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Improved Microneedle Technology Speeds Up Extraction of Sample Interstitial Fluid for Disease Diagnosis

By LabMedica International staff writers
Posted on 19 Mar 2024
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Image: Microneedles measure about a millimeter long, as seen here on an extraction device (Photo courtesy of Craig Fritz)
Image: Microneedles measure about a millimeter long, as seen here on an extraction device (Photo courtesy of Craig Fritz)

Interstitial fluid has many similarities with blood, and its secrets are still being uncovered. A microneedle offers a minimally invasive method to sample this fluid directly under the skin. This tool allows for real-time and continuous monitoring of biomarkers circulating in the body. Despite their small size, just two to three times the width of a human hair and around a millimeter in length, microneedles can make a significant difference in early infection diagnosis and personal health monitoring. Now, researchers have developed improved microneedle technology that enhances the extraction of interstitial fluid by collecting more sample quantities in less time.

Sandia National Laboratories (Albuquerque, NM, USA) is leading the way in microneedle research through collaboration with different partners to enhance this technology. Sandia has achieved a breakthrough in interstitial extraction, moving from using multiple needle arrays to a single microneedle technique that collects enough fluid for analysis in just about 10 minutes. This method is not only quicker but also gathers larger fluid volumes. The microneedles, designed to bypass nerve endings by not penetrating too deeply, are hollow and have been optimized by modifying the needle holders' shape, which are 3D printed at Sandia’s Advanced Materials Laboratory.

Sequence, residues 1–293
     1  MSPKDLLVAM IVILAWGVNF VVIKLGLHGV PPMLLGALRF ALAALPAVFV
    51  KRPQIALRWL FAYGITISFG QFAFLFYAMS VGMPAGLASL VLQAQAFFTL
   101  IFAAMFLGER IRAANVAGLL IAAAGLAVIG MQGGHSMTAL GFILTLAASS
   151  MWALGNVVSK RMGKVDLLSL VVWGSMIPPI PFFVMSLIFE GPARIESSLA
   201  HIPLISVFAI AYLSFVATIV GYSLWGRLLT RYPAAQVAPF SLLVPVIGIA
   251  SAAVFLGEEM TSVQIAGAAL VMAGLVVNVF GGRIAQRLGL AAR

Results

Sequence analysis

This advancement could broaden microneedle applications significantly. For example, Sandia is exploring using microneedles to differentiate between bacterial and viral infections. This distinction could enable faster, more precise treatments. Additionally, Sandia is investigating the biomarkers present in interstitial fluid to see how they correlate with blood measurements. This research involves collecting interstitial fluid from volunteers using the new method, with the aim of developing devices for continuous health monitoring. Moreover, Sandia is also working on another project to develop microneedle sensors that detect electrolytes like sodium, potassium, and calcium. Continuous monitoring of these electrolytes could assist in managing cardiovascular functions, hydration levels, and electrolyte imbalances, offering benefits similar to a wearable glucose meter for various health conditions.

“When we started work in this field in 2011, our goal was to develop microneedles as a wearable sensor, as an alternate to blood samples,” said Ronen Polsky, who has led Sandia’s work in microneedles. “People wear continuous glucose monitors for blood sugar measurements. We want to expand this to a whole range of other conditions to take advantage of this minimally invasive sampling using microneedles.”

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